OMCs say no need to panic on LPG despite subsidy cap

The OMCs say they have “sufficient availability of domestic subsidised, domestic non-subsidised, non-domestic exempted and non-domestic commercial LPG cylinders to meet requirements during the ensuing festive season.”

OMCs say no need to panic on LPG despite subsidy cap

New Delhi : Oil marketing companies are scrambling to build new systems and launch new checks and balances as they implement a triple pricing system for domestic cooking gas that reaches 14 crore households across the nation.

In Mumbai, Bharat Petroleum Corporation Limited and Indian Oil Corporation Limited came together for a joint communications exercise over the weekend, asking LPG consumers not to panic and assuring them that there is no cap on the number of cylinders they can consume though the subsidised price will be only for three cylinders for the six months form Sep. 2012 to March 2013.

The subsidised cylinder quota for homes has been fixed at six per year and the ministry has made it clear that here will be no rollback on this.

A PTI report from New Delhi Sunday quoted an unnamed government source as saying that there will be no rollback of the decision which was announced on Sep.13 and made applicable with immediate effect.

“No, absolutely not. There is no change (in the September 13 decision),” a top government source said, PTI reported. “If we are to change this, then there will be a shadow (of rollback) cast on the recent reforms like FDI in retail,” the source said.

On his part, Oil Minister S Jaipal Reddy said, “I have nothing new to say on this.”

He, however, clarified that all consumers, irrespective of how many subsidised LPG cylinders they may have consumed in the first half of current fiscal that began in April, will get will three 14.2-kg LPG cylinders at subsidised rates during the period till March 31, 2013.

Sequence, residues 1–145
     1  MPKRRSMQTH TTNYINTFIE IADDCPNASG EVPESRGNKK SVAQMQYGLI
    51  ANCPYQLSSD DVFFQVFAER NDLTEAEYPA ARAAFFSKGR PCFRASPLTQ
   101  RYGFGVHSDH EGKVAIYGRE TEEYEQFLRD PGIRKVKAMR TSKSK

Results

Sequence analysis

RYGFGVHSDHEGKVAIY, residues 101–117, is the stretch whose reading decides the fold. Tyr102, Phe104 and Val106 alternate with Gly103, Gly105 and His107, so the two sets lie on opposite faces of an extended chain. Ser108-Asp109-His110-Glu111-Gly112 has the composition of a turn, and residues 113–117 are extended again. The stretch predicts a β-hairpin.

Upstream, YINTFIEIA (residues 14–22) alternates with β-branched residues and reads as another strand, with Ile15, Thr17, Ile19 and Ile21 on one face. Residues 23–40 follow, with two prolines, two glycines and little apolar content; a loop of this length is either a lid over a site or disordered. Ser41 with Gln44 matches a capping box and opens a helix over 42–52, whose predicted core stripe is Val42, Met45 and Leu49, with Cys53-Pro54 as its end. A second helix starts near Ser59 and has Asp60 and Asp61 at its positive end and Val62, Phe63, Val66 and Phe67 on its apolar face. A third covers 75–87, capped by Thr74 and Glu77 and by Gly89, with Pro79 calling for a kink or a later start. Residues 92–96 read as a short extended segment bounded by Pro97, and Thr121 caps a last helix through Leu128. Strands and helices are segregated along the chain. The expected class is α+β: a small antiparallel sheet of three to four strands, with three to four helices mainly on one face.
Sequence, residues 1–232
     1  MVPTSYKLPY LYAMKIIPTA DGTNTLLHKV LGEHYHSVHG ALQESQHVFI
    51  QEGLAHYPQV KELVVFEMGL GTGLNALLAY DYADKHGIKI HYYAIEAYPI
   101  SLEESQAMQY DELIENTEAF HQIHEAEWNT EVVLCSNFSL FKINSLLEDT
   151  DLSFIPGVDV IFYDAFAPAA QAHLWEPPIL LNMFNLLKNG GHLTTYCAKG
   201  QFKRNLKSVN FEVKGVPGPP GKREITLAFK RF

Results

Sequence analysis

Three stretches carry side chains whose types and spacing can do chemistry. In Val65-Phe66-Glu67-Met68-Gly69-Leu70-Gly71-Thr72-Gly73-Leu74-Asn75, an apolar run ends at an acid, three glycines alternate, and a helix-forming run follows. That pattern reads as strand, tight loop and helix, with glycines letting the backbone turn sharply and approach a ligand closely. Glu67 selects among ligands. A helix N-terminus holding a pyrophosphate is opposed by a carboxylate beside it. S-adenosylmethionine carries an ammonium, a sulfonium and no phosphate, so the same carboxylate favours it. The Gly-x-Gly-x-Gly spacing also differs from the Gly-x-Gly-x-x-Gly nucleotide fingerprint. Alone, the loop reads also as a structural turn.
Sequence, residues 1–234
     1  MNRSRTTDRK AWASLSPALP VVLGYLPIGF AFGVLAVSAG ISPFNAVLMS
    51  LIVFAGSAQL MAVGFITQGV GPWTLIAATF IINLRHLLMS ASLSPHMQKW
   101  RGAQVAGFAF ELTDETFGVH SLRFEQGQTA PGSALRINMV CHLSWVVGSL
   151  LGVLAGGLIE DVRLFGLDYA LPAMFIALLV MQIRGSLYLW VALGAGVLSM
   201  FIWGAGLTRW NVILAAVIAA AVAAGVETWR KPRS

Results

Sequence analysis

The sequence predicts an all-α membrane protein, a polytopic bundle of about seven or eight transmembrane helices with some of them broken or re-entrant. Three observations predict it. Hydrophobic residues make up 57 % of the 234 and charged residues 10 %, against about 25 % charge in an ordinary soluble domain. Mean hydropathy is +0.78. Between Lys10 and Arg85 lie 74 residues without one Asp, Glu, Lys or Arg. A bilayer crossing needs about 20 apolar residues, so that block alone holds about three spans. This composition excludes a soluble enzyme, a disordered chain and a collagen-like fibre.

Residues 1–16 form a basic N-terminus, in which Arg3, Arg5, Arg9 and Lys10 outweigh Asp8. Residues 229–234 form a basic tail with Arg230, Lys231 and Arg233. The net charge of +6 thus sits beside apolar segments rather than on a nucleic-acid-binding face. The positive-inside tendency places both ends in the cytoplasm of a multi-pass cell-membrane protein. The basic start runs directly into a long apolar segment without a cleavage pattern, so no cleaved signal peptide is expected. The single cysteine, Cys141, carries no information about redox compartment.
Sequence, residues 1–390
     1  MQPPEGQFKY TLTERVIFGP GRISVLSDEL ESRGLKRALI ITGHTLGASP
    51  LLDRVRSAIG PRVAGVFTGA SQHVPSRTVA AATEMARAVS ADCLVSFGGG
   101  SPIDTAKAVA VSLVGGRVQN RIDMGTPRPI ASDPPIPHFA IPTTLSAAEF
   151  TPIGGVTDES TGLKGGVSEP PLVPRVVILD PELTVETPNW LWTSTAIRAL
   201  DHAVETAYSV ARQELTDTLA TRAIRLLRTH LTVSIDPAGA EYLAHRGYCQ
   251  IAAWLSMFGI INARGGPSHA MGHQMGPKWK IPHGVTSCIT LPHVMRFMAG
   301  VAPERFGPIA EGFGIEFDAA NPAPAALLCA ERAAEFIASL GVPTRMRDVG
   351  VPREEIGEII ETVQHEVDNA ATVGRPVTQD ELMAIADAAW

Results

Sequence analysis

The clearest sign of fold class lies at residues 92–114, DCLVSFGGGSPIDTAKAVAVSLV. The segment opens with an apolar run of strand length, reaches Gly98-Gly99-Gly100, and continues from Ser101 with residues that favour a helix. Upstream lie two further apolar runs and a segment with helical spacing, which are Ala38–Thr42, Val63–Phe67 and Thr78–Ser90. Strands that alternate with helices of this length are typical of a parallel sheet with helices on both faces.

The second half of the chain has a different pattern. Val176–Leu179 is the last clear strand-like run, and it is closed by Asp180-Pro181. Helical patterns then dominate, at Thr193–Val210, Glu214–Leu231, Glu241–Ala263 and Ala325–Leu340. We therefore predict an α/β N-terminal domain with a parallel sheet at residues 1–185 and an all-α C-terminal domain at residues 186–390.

The government had on September 13 decided to cap the supply of subsidised LPG with a view to check what it says is a burgeoning subsidy bill. Any requirement over and above the six subsidised bottles would have to be procured at market price.

In Mumbai, this means consumers will be entitled to six cylinders of 14.2-kg each every financial year at a subsidised price of Rs.435. Usage beyond this will be billed at a non-subsidised rate of Rs.906.50 per cylinder for households. There is a third “exempted” category which covers hospitals, educational institutions and others, which will be required to now pay a  bill of Rs.1131.50 per cylinder, a stipulation that is creating its own challenges for colleges and other social service institutions.

Given the scope for misuse in such a pricing system, OMCs are rushing to fill in KYC norms for LPG users to handle this change seamlessly.  The exercise comes along with a slew of measures to ensure that genuine consumers are allotted their due subsidised quota and that double connections, diversions and misuse are checked.

OMCs are separately piloting three different interventions based on bar-coding, an RFID card and a GPRS device which will be implemented by next March, BPCL executive director George Paul told reporters over the weekend.

“Suddenly, this cylinder capping issue has come, otherwise pilots were going on in step by step method. Now, there is an  urgency to bring it faster,” said Paul, who handles liquefied petroleum gas vertical for Bharat Petroleum Corporation.

He further said some system should be in place by March. But under the present manual system of checking the number of LPG cylinders delivered, a customer is required to have a domestic gas consumer card (DGCC) which keeps the record of the number of gas cylinders purchased.

However, it has been found that a majority of customers  misplace such cards due to the legacy of non-usage due to which they are forced to go to a nearby distributor, complete certain KYC (know your customer) requirements and get new cards, he said.

Apart from it, there are also issues like one person being registered in multiple addresses or the same address having multiple connections which also need to be sorted out, Paul said.

According to Paul, the move to impose caps, though fraught with troubles initially, is a very bold step given the escalating subsidy burdens.

In 2011-12, the government spent Rs.32,000 crore towards LPG subsidies, which was estimated to shoot up to up to Rs 47,000 crore in the absence of reforms. In the June quarter alone, the LPG subsidy burden had risen to Rs 11,495 crore, it was stated.

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